“How Clean Is Your PC?”

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“How Clean Is Your PC?”

Dear Blast Readers,

 

When it comes to your PC’s Cyber security do you do everything possible to prevent Cyber-attacks and data breaches? Do you use strong passwords? Do you know what constitutes a strong password? Do you avoid any suspicious emails that could lead you into a phishing attack? Do you use two-factor authentication on the accounts that allows you to do so? Have you ever wondered if that is enough? If that is really all it takes to secure your digital information?

 

When you hear the phrase “spring cleaning” you automatically think of cleaning your home. Doing the dishes, sorting cloths, and scrubbing every inch of your home. But, “Spring cleaning” can also refer to cleaning up and separating your digital junk from your valued digital information.

 

If you think that you do not have digital junk, you do. Whether it is old and forgotten email accounts, forgotten thumb-drives, or years’ worth of information in the download folder, everyone has digital junk

 

All unwanted and forgotten files are considered liabilities, a danger to you and your valuable digital information. In the event your digital devices are hacked, stolen, and/or lost, holding onto accounts and files you do not want and/or need opens you up to all kinds of risks. So, cleaning your digital devices is important when securing them.

 

So, where do you start your digital “spring cleaning”?

  1. Address your physical devices. Devices should be cleaned, destroyed, and disposed of properly. Only after you go through all the data and back-up what you want to keep.
  2. Go through your desktop and all your documents. It is important to go through and get rid of any old documents containing personal information, such as: medical and banking information.
  3. Delete any emails you don’t need or want. With your email being the data center of your online life, secure the emails you want to keep and delete the ones that you do not want.
  4. Cancel any account you no longer use. Before deleting any software, clean out and close the account. By doing so, this makes sure the company retains the smallest amount of information as possible about you. It also prevents any more information about you from being collected.
  5. Cancel any email account you no longer use.

 

If you have any questions about Data Security, Cyber Attacks, Cyber Security, or Computer Forensics contact FDS Global. You can reach us at our office at (954) 727-1957 or by email at RMoody@FDS.Global. Please feel free to visit our website at www.FDS.Global.


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“Beware of the Facebook Notification Virus”

Dear Blast Readers,

 

You are on your Facebook account, answering messages, liking posts, watching videos, and commenting on your friend’s photos. Suddenly, you receive a message from your friend Sam. The message contains a link to a funny cat video in which a cat in a hat is dancing with a maraca in its mouth. The message below the video says “Hilarious video. You NEED to check it out!”. Without giving it a second thought you click on the link to view the video. But, instead of viewing the video you get redirected to a site that you don’t recognize or trust. Naturally, you exit out of the browser thinking that maybe Sam has attached the wrong URL. But, it is too late. Your device has already been infected.

 

Security experts have identified a form of adware that targets social media users tricking them into infecting their own devices. It is known as the “Facebook Notification Virus”. This virus displays messages saying that they are from Facebook. The “Facebook Notification Virus” creates many different forms of messages, including:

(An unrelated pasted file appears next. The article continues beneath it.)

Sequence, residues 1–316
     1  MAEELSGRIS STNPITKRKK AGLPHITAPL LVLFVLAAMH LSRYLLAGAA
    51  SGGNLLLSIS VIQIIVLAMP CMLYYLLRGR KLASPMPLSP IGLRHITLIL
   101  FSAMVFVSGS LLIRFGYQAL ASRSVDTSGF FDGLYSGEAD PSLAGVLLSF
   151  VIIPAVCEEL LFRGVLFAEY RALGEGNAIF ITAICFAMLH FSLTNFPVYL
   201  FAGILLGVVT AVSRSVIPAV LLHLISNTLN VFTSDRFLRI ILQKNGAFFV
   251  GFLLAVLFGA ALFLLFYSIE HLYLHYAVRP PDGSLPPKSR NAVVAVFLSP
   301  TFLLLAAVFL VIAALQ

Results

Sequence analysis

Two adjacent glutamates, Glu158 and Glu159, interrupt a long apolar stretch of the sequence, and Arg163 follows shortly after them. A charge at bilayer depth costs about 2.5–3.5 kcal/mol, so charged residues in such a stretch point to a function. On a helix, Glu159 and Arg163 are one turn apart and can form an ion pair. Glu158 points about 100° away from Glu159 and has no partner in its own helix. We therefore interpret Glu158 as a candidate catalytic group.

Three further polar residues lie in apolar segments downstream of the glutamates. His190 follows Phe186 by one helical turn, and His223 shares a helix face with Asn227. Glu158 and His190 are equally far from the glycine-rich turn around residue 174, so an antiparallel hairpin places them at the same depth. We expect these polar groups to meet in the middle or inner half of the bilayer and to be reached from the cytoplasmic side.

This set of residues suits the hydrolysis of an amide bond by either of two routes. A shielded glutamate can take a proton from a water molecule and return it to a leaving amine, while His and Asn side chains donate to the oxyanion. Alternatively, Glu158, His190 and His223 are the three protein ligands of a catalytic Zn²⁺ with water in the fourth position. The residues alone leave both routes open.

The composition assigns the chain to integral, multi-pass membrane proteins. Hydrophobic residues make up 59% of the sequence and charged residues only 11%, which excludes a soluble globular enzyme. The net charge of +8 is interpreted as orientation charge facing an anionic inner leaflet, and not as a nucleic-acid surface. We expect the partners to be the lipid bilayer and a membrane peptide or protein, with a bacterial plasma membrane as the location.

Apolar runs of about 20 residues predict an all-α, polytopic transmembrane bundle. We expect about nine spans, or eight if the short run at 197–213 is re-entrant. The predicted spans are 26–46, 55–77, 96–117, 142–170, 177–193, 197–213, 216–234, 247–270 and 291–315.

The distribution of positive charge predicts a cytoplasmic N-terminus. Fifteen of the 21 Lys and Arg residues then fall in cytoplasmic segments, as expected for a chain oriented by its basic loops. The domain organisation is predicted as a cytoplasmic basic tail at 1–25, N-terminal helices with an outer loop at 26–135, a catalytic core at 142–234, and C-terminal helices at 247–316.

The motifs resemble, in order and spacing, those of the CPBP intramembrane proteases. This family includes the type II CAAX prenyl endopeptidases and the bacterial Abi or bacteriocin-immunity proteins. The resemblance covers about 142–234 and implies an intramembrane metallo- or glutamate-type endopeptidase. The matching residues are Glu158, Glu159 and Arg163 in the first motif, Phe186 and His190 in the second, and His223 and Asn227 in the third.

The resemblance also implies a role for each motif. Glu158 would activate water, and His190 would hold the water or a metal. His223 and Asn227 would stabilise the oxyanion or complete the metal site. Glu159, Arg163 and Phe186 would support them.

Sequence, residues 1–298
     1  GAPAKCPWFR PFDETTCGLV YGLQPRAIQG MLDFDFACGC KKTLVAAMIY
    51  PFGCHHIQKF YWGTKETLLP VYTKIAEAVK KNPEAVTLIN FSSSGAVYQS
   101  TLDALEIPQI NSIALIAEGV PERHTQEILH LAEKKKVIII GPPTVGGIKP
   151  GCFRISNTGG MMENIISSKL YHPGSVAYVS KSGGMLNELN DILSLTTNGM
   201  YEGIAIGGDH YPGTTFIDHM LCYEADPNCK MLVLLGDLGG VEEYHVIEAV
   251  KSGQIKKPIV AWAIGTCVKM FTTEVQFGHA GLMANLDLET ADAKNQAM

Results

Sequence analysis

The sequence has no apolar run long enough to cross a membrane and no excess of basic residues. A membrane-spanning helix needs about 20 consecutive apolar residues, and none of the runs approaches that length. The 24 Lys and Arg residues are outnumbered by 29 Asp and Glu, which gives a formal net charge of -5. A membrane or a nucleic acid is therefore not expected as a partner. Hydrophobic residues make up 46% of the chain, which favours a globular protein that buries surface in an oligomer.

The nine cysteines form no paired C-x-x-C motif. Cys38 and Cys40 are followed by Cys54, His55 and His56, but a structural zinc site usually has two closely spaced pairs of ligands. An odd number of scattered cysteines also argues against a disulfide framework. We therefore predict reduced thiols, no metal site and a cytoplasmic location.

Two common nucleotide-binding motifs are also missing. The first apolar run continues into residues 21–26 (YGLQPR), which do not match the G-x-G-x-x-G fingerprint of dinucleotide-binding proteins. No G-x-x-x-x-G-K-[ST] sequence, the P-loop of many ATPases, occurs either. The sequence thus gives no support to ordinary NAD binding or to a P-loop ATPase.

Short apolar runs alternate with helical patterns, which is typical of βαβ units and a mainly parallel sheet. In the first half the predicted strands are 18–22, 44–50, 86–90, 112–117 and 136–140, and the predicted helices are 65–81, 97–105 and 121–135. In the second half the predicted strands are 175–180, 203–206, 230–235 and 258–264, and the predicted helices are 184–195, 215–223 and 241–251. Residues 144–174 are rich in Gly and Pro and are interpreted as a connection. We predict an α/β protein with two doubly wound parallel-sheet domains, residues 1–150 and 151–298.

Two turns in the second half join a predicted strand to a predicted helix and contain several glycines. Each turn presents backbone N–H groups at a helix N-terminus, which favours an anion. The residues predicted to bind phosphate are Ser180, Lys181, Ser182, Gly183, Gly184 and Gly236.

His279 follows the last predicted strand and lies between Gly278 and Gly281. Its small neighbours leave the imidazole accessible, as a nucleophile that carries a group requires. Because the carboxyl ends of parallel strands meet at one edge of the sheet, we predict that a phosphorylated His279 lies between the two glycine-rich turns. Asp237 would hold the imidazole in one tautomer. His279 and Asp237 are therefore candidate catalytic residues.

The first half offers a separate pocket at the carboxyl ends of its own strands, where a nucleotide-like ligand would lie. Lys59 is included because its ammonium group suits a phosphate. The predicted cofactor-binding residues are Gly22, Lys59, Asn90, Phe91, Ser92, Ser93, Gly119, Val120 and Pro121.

• Friend Requests
  • Chat Messages

 

Some of the notifications that the user received are real copies of notifications that users would see on the real social media site (making the fake notifications seem legit). While other notifications are presenting new features. The purpose of this adware is to redirect users to specific websites, most likely malicious websites, so that the user’s device becomes infected with malicious software. This virus does not just lead users to malicious websites, it also:

  • Monitors User Activity
  • Collects User Information
  • Records Browsing History
  • Tracks Cookies
  • Tracks Keystrokes
  • Tracks IP Addresses
  • Tracks Geographic Location
  • Tracks Zip Codes
  • Tracks Demographic Profiles
  • Tracks Emails
  • Tracks Telephone Numbers
  • Tracks Usernames
  • Tracks Passwords

 

After all this information is collected, the collector, hacker, will then attempt to sell your confidential information on Darknet Markets, then falling into the hands of much more malicious cyber criminals.

 

So, how does this virus spread?

 

The “Facebook Notification Virus” can be spread a few different ways, including:

  • Freeware
  • Shareware
  • Pirated copies of paid utilities.

 

Another way that it can spread is through spam emails. The sender of the spam emails wants you to open the so that his or her tool can get inside your system and infect it.

 

To protect your data and system from the “Facebook Notification Virus”, if you receive any suspicious messages from “Facebook”, you should:

  • Check your system, because you may have been infected.
  • Be careful of the software that you allow in your machine.
  • Verify the email addresses of the “companies” that have messaged you (visit the contact page on the official website of the “company” to verify the email address).

 

If you have any questions relating to the “Facebook Notification Virus”, cyber security, or computer forensics contact FDS Global. You can reach us at our office at (954)727-1957 or by email at RMoody@FDS.Global. Please feel free to visit our website at www.FDS.Global.